We naturally tend to breathe in when we are startled. You have probably experienced this walking around a corner and crashing into someone, or reaching for a door handle as someone walks through from the other side. You are startled, you breathe in, and your mind scrambles to recover and regain control of the situation.

 In the office, being startled like this has relatively little cost to our well-being other than a bruised ego perhaps. On the other hand, reacting this poorly to being startled on the street could be the fine line that separates life and death.

 To combat this, we want to build a reaction of exhaling when startled.

 Practice exhaling

 Practice responding with an out breath on some sort of stimulus. When you exhale, you want it to be controlled and forceful. Think of this as an immediate dump of all extra oxygen in your lungs. There is a finite beginning, middle, and an end to our breath. It should end abruptly.


 Once you have some practice with this type of breathing, a great way to reinforce this is on the street or in the office. I used to work in an office building that had many blind corners, and plenty of people who would always cut these corners closely, even on the “wrong side” of the “road”. This led to many startling near-collisions and created the perfect environment to practice reacting calmly. When startled in this type of situation, an out breath and some smooth footwork allows you to regain your composure and continue on unimpeded.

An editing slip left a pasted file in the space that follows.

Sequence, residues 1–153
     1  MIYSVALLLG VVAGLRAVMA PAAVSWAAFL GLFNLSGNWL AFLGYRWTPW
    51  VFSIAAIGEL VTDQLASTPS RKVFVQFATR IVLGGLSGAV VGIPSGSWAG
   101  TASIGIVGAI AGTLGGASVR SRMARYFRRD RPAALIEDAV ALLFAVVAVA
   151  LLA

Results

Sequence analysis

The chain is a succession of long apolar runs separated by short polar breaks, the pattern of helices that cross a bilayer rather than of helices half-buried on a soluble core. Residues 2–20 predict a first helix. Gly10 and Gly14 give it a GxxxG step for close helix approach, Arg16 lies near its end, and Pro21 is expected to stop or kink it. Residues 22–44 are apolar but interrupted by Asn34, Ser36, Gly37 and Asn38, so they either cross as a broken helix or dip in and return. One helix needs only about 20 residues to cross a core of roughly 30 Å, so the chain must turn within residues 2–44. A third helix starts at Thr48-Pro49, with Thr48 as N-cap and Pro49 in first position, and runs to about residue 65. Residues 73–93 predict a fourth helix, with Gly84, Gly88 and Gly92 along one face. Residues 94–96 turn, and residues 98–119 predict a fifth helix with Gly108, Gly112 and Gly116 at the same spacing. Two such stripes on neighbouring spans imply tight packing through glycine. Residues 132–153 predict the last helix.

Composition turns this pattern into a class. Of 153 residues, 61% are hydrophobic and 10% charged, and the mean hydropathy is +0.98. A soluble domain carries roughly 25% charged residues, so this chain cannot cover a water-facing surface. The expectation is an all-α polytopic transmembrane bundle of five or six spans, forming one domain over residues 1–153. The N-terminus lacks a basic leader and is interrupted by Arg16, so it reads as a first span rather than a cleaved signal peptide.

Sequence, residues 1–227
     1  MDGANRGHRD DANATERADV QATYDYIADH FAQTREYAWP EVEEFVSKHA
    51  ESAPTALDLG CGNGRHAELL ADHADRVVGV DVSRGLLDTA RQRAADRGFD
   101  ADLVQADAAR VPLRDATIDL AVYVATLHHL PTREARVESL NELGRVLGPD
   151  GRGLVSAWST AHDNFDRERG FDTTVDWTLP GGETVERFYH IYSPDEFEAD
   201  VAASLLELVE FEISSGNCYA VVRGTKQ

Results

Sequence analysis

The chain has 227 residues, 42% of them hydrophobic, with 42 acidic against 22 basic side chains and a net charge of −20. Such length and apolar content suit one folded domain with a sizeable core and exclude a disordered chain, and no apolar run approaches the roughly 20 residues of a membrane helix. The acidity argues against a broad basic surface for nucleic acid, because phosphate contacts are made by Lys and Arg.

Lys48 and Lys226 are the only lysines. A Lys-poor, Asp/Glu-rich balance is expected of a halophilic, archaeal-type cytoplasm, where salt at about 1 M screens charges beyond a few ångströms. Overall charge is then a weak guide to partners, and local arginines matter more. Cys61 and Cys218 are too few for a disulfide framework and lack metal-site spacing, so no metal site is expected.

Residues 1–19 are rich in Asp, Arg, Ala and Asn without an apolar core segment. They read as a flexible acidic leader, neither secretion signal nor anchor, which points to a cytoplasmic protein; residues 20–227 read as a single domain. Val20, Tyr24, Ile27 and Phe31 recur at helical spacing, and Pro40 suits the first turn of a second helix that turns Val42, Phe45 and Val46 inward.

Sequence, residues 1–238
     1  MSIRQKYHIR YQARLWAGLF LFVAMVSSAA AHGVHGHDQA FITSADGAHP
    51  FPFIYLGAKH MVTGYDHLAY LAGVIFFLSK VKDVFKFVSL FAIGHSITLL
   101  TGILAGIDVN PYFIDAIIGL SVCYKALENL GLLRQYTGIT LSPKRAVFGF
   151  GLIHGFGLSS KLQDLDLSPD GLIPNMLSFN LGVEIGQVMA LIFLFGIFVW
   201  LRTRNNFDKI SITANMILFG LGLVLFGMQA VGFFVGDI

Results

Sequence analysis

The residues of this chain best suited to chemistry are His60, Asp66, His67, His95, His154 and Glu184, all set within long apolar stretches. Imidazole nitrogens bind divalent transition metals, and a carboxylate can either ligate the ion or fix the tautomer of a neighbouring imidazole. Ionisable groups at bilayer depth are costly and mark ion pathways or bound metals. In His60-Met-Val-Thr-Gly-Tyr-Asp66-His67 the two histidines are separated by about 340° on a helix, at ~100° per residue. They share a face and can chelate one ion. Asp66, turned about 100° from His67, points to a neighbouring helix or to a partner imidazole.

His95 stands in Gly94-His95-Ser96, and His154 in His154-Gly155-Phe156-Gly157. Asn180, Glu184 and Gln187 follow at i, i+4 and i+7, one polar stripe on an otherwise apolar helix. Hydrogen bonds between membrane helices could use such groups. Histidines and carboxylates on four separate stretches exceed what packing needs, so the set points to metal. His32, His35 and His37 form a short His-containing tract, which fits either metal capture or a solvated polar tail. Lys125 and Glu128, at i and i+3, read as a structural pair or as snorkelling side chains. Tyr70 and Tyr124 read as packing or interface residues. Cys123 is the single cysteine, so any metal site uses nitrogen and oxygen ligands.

Training your body to react calmly and decisively when startled will improve your likelihood of survival on the street. Most of the time you can avoid the situation entirely by being aware of your surroundings. When this isn’t possible, how you react to the unexpected can be the difference between life and death.

Making Good Mistakes

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Do you make mistakes? Have you ever dropped a mag, fumbled a reload, had a malfunction? Have you ever done the wrong technique in a kata or zigged when you should have zagged? If not I need to shake your hand because you are a god.

If you do make mistakes, how often do they happen in training, and how do you react?

If you just stop and restart from the beginning, you are robbing yourself of precious opportunities to train yourself to respond to these mistakes. Take advantage of your mistakes and work through them. Remember you will fight as you train, so train as you fight. If you drop a mag on the range when you are trying to reload… keep going. Grab the other mag on your belt or pick it up (but be careful of muzzle discipline!). If you normally throw your hands in the air, curse yourself and reset to the beginning of the drill, then that is exactly what you can expect when the lead is flying. Learn to recover as cleanly and quickly as you can.

We are all human, so we can expect to make mistakes. Sure we will be laser focused with the addition of adrenaline, but our fine motor skills and judgment can be negatively affected. You will screw up eventually. Hopefully you won’t screw up when you really can’t afford to, but there are no guarantees. If you compete you probably will make a mistake in a match eventually. It’s a matter of probability.